This parenting strategy leads to children with IQs 6 points higher.
Children raised by nurturing parents develop higher IQs, research finds.
Many of the children in the study, who were raised in Brazil and South Africa, had faced considerable adversity, such as poverty and low birth weight.
But when they experienced responsive caregiving and the opportunity to learn, it was possible for them to reach their full potential.
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Responsive caregiving involves being sensitive to the needs of the child and knowing how to respond to them.
Typical nurturing activities include reading to the child, playing games with letters and numbers as well as singing songs together.
Professor Maureen Black, study co-author, said:
“We found that adolescents who were raised in nurturing environments had IQ scores that were on average 6 points higher than those who were not.
This is a striking difference that has profound implications by increasing the intelligence of entire communities.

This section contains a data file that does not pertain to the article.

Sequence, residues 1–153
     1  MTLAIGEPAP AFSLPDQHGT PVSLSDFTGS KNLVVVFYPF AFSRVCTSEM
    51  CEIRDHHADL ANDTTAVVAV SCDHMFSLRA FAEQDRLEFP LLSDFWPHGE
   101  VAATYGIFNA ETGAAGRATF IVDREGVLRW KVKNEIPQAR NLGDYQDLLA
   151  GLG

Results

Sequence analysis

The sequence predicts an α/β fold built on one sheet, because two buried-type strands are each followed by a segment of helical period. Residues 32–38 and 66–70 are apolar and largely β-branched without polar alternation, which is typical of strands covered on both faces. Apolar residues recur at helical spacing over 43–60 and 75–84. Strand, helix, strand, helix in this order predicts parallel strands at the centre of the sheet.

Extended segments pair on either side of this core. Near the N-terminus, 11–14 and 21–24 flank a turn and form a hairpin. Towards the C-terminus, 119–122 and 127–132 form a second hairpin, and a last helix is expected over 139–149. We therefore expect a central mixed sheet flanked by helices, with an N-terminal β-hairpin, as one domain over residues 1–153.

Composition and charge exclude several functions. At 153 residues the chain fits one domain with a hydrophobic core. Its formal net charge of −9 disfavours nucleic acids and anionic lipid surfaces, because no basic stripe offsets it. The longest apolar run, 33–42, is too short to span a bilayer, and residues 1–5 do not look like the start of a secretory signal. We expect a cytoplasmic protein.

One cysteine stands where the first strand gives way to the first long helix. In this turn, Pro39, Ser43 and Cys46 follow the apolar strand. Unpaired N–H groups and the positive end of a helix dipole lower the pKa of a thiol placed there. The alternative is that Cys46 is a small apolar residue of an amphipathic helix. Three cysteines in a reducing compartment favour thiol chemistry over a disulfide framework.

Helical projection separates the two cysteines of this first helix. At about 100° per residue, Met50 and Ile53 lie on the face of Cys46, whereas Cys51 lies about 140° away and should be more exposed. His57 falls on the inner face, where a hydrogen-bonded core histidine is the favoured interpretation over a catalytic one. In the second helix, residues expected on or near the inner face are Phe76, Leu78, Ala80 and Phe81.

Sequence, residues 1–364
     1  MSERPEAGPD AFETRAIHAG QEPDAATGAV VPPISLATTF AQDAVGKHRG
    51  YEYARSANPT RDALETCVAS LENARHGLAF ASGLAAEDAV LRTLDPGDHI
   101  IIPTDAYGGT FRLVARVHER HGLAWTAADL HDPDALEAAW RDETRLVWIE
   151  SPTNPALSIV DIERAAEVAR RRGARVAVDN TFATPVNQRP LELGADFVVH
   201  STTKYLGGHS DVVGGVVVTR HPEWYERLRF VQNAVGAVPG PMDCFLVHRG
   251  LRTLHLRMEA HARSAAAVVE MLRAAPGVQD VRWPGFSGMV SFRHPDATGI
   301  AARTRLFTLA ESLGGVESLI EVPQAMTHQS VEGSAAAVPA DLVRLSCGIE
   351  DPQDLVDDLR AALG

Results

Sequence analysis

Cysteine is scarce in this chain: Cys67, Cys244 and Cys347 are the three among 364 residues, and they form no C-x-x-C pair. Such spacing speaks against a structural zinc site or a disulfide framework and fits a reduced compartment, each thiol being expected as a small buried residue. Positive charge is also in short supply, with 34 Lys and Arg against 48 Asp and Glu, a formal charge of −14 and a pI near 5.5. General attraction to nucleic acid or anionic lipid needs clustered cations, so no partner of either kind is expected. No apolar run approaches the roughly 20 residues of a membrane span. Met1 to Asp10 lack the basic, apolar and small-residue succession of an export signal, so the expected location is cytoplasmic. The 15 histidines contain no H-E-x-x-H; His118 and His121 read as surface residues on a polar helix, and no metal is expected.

A nurturing environment also led to better growth and fewer psycho-social difficulties in adolescence, but it did not mitigate the effects of early adversities on growth and psycho-social difficulties.”
The research included over 1,600 children who were tracked from birth to their teenage years.
Both prenatal and early life adversity tends to lower IQ and is linked to problems adjusting psychologically.
However, a nurturing environment created by caregivers counteracts the disadvantages of early adversity.
Professor Black said:
“I think our findings could apply to communities here in the U.S. where children are hungry, living in poverty or lacking in access to medical care.”
Getting involved with children is the key, said Professor Black:
“Get children involved in friendly activities as much as possible rather than parking them in front of a screen.
Children love to learn and in a nurturing environment they can grow into adolescents and adults with the abilities to care for themselves, their families, and their communities.”
The study was published in The Lancet Child & Adolescent Health (Trude et al., 2020).
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